In a diary post, Film critic Roger Ebert writes about his history with gay people and Obama's baffling position opposing marriage equality, placing it in the context of administrations past, and his own life.
Now the idea of gay marriage is much before us. They've been made legal in some states. They are fiercely opposed, most often on religious grounds. Politicians find it prudent to play to both sides of the street by saying they "have no opposition to civil ceremonies." I'm disappointed in Obama for taking that approach. He supports the civil rights but opposes gay marriage while citing his church's teachings.
At least you can't accuse him of catering to his base. I would have preferred that he'd added that a religious marriage is a matter for each church, but that the state should make no distinction in the matter of a civil ceremony.
Some politicians are held hostage by their bases. The Bush administration is thought to have been the most homophobic in recent history. In 2004, George W. Bush endorsed a constitutional amendment to ban same-sex marriages. This was backed by anti-marriage forces seeking a way to negate the actions of individual states in legalizing gay marriage.
But let's look more closely at his administration. Dick Cheney has a lesbian daughter, and a year ago he made a statement in support of same-sex marriages, adding that it should "traditionally" left up to each state. Even at the time, he declined to get on board, only observing that it was "administration policy." We learned earlier this year that Laura Bush supports the right to gay marriage. Now we learn that Ken Mehlman, head of the Republican National Committee during that time, who spearheaded the fight for the constitutional amendment, is gay.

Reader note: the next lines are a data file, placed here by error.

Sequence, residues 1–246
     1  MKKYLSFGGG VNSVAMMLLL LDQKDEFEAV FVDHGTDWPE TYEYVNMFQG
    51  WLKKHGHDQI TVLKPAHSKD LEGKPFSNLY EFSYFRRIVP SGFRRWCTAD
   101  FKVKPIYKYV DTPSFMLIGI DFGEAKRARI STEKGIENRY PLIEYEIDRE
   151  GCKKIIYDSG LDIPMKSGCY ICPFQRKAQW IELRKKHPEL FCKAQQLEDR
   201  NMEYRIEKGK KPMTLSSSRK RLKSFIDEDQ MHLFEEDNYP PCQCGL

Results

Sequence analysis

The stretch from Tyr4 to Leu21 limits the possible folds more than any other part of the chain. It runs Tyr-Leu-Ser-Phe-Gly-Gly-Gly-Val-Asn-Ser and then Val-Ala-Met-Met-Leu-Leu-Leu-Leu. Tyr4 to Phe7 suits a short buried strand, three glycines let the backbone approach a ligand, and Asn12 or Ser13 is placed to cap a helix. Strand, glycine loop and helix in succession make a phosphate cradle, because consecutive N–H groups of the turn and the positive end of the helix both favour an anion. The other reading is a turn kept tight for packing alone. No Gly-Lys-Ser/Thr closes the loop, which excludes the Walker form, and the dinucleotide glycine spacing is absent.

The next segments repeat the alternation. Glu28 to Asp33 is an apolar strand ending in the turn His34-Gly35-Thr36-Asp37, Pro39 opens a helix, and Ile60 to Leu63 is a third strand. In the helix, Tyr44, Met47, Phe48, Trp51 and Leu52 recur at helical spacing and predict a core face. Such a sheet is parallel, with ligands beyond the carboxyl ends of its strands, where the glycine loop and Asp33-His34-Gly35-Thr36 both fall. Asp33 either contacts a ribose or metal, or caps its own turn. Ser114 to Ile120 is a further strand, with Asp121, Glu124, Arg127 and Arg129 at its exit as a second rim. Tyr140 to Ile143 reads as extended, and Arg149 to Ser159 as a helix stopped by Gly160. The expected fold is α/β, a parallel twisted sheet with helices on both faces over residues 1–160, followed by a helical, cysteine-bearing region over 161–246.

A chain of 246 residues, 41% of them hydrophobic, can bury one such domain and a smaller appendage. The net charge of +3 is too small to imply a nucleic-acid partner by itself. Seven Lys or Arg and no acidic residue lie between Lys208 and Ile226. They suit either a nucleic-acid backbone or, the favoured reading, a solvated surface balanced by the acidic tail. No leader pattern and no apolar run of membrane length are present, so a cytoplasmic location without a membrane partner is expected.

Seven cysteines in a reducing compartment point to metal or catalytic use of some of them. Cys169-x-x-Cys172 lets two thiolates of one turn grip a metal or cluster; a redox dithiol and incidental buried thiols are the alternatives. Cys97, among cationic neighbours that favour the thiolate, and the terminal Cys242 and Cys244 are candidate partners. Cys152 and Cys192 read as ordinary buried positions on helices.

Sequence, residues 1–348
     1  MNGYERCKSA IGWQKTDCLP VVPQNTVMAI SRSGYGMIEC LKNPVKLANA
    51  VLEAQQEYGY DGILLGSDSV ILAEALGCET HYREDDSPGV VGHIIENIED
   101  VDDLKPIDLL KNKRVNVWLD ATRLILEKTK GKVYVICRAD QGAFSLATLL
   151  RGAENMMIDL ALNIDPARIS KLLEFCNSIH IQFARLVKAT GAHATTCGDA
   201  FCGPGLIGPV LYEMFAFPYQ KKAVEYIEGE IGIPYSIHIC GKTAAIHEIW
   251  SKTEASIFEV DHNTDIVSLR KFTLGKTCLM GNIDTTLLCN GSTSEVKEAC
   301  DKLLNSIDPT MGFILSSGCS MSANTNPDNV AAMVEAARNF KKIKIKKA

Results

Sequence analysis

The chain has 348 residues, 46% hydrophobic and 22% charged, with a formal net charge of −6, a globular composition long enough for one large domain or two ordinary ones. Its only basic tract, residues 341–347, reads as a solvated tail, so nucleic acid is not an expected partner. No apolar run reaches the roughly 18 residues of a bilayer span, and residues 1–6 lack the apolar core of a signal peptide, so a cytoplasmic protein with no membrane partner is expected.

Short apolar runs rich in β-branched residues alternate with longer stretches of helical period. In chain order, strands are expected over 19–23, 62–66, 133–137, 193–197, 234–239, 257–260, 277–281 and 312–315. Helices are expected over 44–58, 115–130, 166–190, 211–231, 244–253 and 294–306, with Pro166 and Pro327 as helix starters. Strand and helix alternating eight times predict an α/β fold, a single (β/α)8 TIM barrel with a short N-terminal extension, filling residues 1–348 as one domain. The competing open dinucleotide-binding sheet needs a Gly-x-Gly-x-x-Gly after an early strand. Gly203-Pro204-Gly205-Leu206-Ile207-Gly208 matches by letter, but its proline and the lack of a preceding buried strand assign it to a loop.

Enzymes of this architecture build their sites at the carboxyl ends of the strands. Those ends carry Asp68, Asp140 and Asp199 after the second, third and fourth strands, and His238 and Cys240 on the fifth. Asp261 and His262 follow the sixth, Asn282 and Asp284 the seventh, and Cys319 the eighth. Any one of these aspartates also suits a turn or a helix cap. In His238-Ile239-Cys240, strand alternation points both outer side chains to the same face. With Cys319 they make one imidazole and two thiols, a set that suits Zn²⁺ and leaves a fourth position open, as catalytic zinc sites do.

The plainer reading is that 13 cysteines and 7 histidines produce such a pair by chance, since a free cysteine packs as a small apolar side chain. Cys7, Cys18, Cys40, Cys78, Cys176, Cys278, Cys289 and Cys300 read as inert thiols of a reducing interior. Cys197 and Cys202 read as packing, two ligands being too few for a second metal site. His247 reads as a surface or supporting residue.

I heard on NPR today that an interviewer for the Atlantic asked Mehlman what Bush's reaction to his news was. Mehlman replied that some days before he made his announcement, when rumors of it were circulating in GOP inner circles, George Bush reached out to him and offered help and encouragement. I was touched to learn this. Now we have to wonder: If that's the way Bush, Cheney and Mehlman thought, why was the administration's anti-gay agenda being pushed?
Was it because it seemed like a popular policy at the time? Was it playing to the party's southern evangelical base? Whatever the reasons, we now know that the word has gone out to the GOP's 2010 candidates to soft-pedal opposition to homosexuality and gay marriage. Public opinion is perceived to be shifting on the topic. It seems odd to me that on this issue, Barack Obama is more conservative than Dick Cheney, George Bush and my mother.
In the Chapel Bells are Ringing [Roger Ebert]